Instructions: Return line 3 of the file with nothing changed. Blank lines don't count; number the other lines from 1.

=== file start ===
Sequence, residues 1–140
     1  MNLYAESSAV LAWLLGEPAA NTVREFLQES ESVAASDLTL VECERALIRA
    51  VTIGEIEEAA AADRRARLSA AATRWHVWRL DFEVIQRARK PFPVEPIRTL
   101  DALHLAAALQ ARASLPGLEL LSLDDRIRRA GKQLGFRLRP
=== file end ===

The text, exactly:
    51  VTIGEIEEAA AADRRARLSA AATRWHVWRL DFEVIQRARK PFPVEPIRTL